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In a highly anticipated decision issued last Friday, the Sixth Circuit Court of Appeals, in Clark v. A&L Homecare and Training Center, LLC, adopted a significantly different approach to the question of when claims under the Fair Labor Standards Act (FLSA) may be pursued by “similarly situated” employees as a collective action. Specifically, the court held that employees bringing FLSA collective actions must show a “strong likelihood” that they and the employees they seek to add to the case are similarly situated. The approach outlined by Clark is a major departure from the two-step “conditional certification” framework that most courts in the Sixth Circuit and elsewhere have historically followed. The Sixth Circuit’s decision covers the states of Ohio, Kentucky, Michigan and Tennessee.

The Historical Two-step ‘Conditional Certification’ Approach

The FLSA allows employees to pursue claims collectively against an employer on their behalf and on behalf of other similarly situated employees if they affirmatively consent to being a part of the case. However, neither the FLSA nor the Sixth Circuit have defined what the phrase “similarly situated” means.

Historically, many courts have utilized a two-step process to determine whether employees are similarly situated for purposes of FLSA collective action claims. In step one—“conditional certification”—the court determined whether the proposed collective members were sufficiently similarly situated to receive a court-approved notice of the lawsuit and an opportunity to join the lawsuit. Courts have often held that this requires only a modest factual showing that the plaintiffs were actually similarly situated to the class they sought to represent. This “lenient” standard often resulted in cases where the claims of just one or a few plaintiffs led to notice being sent to hundreds or even thousands of other employees despite minimal evidentiary connection between the plaintiffs and those employees. As the Sixth Circuit noted in Clark, this type of notice process ran the risk of being a solicitation of employees and former employees to sue their employer.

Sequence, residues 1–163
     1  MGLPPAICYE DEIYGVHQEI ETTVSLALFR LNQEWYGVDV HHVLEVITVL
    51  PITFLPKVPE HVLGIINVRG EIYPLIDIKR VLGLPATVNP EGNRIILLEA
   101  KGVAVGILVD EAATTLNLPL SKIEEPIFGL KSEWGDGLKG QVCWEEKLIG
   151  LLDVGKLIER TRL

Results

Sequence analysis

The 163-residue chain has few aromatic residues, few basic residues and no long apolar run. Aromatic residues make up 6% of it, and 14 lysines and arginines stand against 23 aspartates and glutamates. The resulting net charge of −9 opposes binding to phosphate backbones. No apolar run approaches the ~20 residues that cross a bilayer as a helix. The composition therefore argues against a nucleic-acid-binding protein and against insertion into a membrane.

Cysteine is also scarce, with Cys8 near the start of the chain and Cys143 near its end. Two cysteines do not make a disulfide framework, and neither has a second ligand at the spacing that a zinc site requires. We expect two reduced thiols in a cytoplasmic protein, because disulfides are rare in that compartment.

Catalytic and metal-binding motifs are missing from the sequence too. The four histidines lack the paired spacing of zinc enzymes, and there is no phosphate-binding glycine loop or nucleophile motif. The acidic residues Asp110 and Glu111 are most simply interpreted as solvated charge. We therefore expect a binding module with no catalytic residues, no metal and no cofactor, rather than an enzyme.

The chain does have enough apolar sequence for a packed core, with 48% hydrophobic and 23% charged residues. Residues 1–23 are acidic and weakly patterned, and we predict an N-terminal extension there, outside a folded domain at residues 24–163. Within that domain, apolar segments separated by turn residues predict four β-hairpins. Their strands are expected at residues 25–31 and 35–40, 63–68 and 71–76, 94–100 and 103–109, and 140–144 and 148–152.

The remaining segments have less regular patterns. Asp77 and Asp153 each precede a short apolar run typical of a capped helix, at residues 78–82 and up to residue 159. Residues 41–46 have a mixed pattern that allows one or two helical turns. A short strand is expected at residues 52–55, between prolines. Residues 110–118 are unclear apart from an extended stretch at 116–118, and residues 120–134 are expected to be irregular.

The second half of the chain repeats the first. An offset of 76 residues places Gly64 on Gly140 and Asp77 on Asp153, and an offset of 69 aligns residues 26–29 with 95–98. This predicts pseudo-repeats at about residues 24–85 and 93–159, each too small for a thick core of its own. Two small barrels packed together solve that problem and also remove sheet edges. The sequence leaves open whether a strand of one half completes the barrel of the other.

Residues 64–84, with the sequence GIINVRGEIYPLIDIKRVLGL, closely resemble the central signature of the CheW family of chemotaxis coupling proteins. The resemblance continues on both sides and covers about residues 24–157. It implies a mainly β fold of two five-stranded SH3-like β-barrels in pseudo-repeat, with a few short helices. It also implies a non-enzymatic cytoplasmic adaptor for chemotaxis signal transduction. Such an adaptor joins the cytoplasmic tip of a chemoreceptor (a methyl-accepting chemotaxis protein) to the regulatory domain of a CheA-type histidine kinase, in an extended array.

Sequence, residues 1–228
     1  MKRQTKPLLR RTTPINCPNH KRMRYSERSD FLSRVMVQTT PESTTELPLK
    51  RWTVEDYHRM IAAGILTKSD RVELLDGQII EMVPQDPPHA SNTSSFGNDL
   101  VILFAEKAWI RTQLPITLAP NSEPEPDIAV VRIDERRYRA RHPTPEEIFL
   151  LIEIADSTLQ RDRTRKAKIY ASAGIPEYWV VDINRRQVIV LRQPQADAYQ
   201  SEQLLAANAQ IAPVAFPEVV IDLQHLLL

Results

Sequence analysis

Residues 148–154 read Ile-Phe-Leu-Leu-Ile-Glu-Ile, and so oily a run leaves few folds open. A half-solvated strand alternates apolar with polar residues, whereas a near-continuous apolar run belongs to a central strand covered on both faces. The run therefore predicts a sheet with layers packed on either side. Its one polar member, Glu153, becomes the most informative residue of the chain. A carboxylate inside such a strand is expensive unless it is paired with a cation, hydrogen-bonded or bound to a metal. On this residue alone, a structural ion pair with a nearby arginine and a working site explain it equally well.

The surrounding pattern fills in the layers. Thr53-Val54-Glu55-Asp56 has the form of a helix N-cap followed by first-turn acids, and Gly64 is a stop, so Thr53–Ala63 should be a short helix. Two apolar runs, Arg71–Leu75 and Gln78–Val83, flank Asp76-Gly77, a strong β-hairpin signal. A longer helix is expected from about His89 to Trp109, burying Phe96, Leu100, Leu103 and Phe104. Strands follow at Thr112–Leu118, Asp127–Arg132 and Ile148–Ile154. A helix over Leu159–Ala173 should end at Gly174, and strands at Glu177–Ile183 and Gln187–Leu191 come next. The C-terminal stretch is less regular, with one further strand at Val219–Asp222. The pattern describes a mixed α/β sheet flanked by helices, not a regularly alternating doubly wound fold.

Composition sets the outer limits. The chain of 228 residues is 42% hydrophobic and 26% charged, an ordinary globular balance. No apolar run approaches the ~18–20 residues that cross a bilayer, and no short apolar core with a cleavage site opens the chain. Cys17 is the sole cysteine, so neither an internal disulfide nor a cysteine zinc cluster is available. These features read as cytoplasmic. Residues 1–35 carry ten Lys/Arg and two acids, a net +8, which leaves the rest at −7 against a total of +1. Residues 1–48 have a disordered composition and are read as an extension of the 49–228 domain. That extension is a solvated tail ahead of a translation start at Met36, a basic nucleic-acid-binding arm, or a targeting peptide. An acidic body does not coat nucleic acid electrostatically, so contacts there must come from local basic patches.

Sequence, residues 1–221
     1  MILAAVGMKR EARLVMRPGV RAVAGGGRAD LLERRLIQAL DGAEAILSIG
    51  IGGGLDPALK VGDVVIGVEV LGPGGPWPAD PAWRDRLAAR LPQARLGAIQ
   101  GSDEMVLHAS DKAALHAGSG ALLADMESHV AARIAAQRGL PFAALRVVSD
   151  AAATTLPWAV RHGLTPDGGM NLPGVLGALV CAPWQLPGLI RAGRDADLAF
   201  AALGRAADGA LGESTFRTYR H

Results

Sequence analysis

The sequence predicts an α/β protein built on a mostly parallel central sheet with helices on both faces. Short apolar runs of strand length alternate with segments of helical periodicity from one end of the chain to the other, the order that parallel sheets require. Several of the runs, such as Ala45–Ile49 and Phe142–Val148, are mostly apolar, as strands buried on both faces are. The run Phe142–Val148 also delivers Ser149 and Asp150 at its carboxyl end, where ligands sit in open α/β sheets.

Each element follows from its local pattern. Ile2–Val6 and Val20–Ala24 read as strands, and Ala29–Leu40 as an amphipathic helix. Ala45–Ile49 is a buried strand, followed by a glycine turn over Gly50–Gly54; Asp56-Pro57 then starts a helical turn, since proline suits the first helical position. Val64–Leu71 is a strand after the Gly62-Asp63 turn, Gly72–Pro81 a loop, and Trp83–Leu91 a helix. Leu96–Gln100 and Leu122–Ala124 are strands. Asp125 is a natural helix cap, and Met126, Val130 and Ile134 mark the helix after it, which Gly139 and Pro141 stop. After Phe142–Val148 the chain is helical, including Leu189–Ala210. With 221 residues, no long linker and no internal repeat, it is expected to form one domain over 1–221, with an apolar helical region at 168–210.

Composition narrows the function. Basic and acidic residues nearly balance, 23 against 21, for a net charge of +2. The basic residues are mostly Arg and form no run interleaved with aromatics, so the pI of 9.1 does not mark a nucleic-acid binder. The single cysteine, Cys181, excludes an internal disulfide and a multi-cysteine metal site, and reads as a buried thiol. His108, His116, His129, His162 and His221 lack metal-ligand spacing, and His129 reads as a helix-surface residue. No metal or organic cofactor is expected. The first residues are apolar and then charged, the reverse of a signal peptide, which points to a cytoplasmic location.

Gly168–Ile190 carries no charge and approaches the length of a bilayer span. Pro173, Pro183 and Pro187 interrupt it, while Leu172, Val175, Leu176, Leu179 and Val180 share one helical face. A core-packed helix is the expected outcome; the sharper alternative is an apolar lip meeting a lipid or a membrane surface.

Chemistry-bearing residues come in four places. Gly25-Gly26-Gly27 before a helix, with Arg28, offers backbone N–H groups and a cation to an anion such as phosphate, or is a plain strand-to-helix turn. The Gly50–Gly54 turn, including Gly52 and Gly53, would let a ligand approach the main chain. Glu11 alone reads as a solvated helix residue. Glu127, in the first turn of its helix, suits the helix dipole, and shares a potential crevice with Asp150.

Following “conditional certification,” the parties typically engaged in expansive discovery. At the conclusion of discovery, the employer could then proceed to step two, moving to “decertify” the collective class if it could establish that the conditionally certified class was not, in fact, similarly situated. However, the Clark decision noted that as a practical matter, allowing the collective action to expand to potentially include many potential members of the collective at step one often led to overbroad and expensive discovery and put significant pressure on employers to settle expansive claims.

In recent years, especially with the proliferation of FLSA claims, challenges to this “lenient” standard have increased and with the Clark decision, two courts of appeal have now rejected the two-step framework.

Fifth Circuit Overturns Two-Step Framework

In the 2021 case of Swales v. KLLM Transport Services, L.L.C., the Fifth Circuit Court of Appeals expressly rejected the two-step “lenient” standard framework, finding it lacked any basis in the FLSA statute. The court specifically found that “a district court must rigorously scrutinize the realm of ‘similarly situated’ workers, and must do so from the outset of the case, not after a lenient, step-one ‘conditional certification.’” By applying a more stringent standard, the Fifth Circuit noted that notice would only go to individuals who were actually similar to the named plaintiffs.